Author: Nell Armitage
In 2017, Coca-Cola produced 3 million tonnes of plastic which is roughly the same weight as 28,000 Blue Whales. But thanks to pressure from organisations such as Ellen MacArthur Foundation and TearFund, Coca-Cola, along with other food giant Danone, has committed to a new generation of bottles made from plant sugars.
Developed by Avantium, a biochemical company from the Netherlands, the new bottle is 100% plant-based, has been manufactured without the use of fossil fuels and is designed to be both recyclable and compostable. In fact you could leave it in your garden under normal conditions and it would degrade within a year.
Is it really more environmentally friendly?
The market is saturated with new technologies supposedly using plants to solve the plastic waste crisis, with coffee cups, shopping bags and plastic bottles made from materials ranging from seaweed to sugarcane and bamboo, but how much better are they really?
The plant sugars for this bottle will be extracted from low-impact crops, such as cereals or beetroot, with a plan to eventually source the necessary material from naturally occurring food waste, duelling tackling the two issues hand in hand. As food waste contributes 10% of global carbon emissions, according to the United Nations, this could significantly improve the sustainability profile of the product.
Imperial College have conducted a life-cycle analysis and have found that the bottle would reduce carbon emissions by up to 25% compared with petroleum-based PET (made from fossil fuels). Perhaps not as much as you would’ve thought, but still a significant reduction.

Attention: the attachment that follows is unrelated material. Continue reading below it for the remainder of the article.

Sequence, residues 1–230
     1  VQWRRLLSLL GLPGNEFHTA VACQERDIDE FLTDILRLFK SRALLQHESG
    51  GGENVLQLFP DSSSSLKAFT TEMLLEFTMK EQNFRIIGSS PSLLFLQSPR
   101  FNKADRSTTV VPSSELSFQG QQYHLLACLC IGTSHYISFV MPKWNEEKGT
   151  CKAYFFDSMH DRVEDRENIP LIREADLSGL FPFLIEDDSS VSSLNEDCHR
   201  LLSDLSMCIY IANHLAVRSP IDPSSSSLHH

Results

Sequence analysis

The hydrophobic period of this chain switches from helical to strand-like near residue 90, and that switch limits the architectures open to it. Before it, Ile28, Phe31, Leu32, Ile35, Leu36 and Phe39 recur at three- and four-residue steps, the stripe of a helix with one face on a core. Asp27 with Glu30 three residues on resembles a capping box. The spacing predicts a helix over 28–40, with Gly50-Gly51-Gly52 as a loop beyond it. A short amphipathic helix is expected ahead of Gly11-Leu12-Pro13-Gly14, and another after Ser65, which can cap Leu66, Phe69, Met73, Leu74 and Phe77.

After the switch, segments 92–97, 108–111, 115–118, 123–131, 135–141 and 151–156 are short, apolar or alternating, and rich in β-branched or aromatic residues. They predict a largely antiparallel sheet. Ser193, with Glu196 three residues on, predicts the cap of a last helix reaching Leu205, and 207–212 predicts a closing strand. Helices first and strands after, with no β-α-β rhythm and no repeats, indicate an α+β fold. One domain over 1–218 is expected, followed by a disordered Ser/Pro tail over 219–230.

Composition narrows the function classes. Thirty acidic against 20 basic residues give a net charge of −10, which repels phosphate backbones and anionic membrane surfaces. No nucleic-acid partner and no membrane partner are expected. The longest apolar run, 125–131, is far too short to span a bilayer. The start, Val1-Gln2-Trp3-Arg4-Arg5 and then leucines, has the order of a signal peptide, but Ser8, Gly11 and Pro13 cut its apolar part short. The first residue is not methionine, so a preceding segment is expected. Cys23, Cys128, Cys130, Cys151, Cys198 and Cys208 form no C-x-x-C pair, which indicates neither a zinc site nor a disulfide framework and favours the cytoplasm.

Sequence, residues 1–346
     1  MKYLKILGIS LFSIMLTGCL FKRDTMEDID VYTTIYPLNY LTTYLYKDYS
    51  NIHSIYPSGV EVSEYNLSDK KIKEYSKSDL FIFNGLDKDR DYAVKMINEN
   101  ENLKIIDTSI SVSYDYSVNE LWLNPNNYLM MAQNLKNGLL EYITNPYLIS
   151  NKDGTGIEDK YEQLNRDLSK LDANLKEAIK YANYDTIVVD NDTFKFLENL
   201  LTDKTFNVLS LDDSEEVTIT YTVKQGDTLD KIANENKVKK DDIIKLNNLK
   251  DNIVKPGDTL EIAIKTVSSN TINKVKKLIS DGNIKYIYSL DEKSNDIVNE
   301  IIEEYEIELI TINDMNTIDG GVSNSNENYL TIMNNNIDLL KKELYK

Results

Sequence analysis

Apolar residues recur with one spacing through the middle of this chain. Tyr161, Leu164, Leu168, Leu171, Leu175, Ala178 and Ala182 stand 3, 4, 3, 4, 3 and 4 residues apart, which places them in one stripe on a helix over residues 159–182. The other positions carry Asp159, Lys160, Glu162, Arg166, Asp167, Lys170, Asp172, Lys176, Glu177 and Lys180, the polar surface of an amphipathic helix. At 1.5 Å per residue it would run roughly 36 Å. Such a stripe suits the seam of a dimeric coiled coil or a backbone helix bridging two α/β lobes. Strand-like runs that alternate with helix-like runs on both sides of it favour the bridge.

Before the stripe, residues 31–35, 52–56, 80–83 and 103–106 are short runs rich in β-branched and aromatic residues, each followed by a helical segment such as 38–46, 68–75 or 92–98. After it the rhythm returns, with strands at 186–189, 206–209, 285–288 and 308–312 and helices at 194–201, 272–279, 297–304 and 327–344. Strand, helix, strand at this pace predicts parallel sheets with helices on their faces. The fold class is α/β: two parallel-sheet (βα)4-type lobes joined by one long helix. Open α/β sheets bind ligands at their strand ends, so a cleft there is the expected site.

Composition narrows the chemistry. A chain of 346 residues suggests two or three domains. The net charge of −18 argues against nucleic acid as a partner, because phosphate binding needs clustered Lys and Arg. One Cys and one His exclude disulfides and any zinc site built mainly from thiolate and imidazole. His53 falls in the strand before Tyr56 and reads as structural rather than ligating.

What’s the problem with plastic anyway?
About 13 million tonnes of plastic ends up in the ocean each year. Microplastics in the sea have been found in massive quantities in sea–beds, impacting fragile ecosystems with accumulating pollutants and early research shows worrying build–up in smaller marine life.
The Covid-19 pandemic has the power to set us back decades in our fight against single–use plastic. Cautious reopeners will be tempted to revert back to single-use as a hygienic option whilst the plastic industry fans the flames claiming that plastic is necessary to keep the pandemic at bay and keep customers and staff safe.
Coca-Cola and Danone who have both backed the project hope that their products will be available in their bottles by 2023. Let’s hope others will piggyback on this endeavour to reduce plastic waste. In the meantime, offer your patrons a more sustainable option that traditional plastic. Check out our beverage suppliers for inspiration.